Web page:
Book Image

.NET MAUI for C# Developers

By : Jesse Liberty, Rodrigo Juarez
3.7 (6)
Book Image

.NET MAUI for C# Developers

3.7 (6)
By: Jesse Liberty, Rodrigo Juarez

Overview of this book

While UI plays a pivotal role in retaining users in a highly competitive landscape, maintaining the same UI can be tricky if you use different languages for different platforms, leading to mismatches and un-synced pages. In this book, you'll see how .NET MAUI allows you to create a real-world application that will run natively on different platforms. By building on your C# experience, you’ll further learn to create beautiful and engaging UI using XAML, architect a solid app, and discover best practices for this Microsoft platform. The book starts with the fundamentals and quickly moves on to intermediate and advanced topics on laying out your pages, navigating between them, and adding controls to gather and display data. You’ll explore the key architectural pattern of Model-View-ViewModel: and ways to leverage it. You’ll also use xUnit and NSubstitute to create robust and reliable code. By the end of this book, you’ll be well-equipped to leverage .NET MAUI and create an API for your app to interact with a web frontend to the backend data using C#.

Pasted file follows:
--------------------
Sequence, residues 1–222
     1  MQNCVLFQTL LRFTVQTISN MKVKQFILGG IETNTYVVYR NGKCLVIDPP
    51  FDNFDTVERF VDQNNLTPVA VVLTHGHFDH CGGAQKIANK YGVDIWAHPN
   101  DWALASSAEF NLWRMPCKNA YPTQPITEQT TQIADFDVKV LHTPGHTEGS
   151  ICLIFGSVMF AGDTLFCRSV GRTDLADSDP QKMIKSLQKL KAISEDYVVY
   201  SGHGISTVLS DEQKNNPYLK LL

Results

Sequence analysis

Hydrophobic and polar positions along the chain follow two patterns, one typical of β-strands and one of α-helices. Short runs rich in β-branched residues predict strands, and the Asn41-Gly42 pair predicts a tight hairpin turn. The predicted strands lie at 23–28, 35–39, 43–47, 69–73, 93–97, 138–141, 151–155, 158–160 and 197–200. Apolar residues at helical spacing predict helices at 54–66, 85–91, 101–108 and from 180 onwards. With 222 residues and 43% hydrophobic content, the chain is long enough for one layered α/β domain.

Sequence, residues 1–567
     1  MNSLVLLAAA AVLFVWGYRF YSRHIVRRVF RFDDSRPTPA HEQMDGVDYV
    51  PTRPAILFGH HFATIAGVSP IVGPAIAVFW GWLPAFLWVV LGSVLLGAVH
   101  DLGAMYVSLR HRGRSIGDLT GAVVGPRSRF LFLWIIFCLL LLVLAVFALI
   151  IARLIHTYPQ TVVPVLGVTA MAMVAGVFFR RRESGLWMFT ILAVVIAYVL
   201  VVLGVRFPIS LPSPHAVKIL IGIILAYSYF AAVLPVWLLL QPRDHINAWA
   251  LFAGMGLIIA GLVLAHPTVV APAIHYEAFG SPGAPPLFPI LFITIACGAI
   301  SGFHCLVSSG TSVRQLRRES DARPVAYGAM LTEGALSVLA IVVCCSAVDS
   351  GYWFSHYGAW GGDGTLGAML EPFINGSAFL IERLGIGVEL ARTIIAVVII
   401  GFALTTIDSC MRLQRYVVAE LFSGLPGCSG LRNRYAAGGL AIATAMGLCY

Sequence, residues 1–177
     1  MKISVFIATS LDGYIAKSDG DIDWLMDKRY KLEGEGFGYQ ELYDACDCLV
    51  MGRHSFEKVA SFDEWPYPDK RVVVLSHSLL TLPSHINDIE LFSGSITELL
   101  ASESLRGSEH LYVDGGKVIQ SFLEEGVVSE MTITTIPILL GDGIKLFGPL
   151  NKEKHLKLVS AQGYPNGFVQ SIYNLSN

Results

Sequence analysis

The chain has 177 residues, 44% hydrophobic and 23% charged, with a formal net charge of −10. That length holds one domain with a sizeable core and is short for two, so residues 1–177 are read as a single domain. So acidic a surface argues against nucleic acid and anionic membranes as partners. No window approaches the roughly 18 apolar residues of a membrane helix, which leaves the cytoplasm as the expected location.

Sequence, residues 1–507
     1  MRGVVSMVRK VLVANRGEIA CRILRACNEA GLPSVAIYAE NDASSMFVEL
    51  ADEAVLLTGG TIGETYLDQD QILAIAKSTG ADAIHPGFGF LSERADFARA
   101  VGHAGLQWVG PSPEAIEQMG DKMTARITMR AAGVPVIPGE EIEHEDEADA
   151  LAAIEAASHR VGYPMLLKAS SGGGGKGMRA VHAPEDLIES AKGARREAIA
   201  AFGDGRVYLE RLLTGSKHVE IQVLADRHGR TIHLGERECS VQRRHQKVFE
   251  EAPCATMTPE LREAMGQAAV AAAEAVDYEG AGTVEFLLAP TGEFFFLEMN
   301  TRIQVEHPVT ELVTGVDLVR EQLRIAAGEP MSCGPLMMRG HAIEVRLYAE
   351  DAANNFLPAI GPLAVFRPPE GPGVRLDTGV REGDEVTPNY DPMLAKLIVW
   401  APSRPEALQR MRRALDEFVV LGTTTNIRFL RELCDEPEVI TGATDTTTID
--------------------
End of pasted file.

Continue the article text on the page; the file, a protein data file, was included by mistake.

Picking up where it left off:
Table of Contents (18 chapters)
Part 1 – Getting Started
Part 2 – Intermediate Topics
Part 3 – Advanced Topics

Creating unit tests

To get started, right-click on the solution and choose Add New Project. In the dialog box, use the dropdown to pick UnitTest. There are a number of unit test frameworks. The two most popular are the older NUnit and the newer xUnit. We’ll choose xUnit Test Project, as shown in Figure 9.1:

Figure 9.1 – Selecting the unit test type

  1. Click Next and fill in the name and location of your new project. Typically, the name will be the name of the solution followed by .Tests, as shown in the following figure:

Figure 9.2 – Naming the test project

  1. Click Next and select the .NET platform (this book will use .NET 7).

Visual Studio will create your project as well as the first unit test class and method. Since this is generic, delete that class and create one called PreferencesTests.

Setting the project reference

Before doing anything else, we need to make ForgetMeNotDemo.Tests...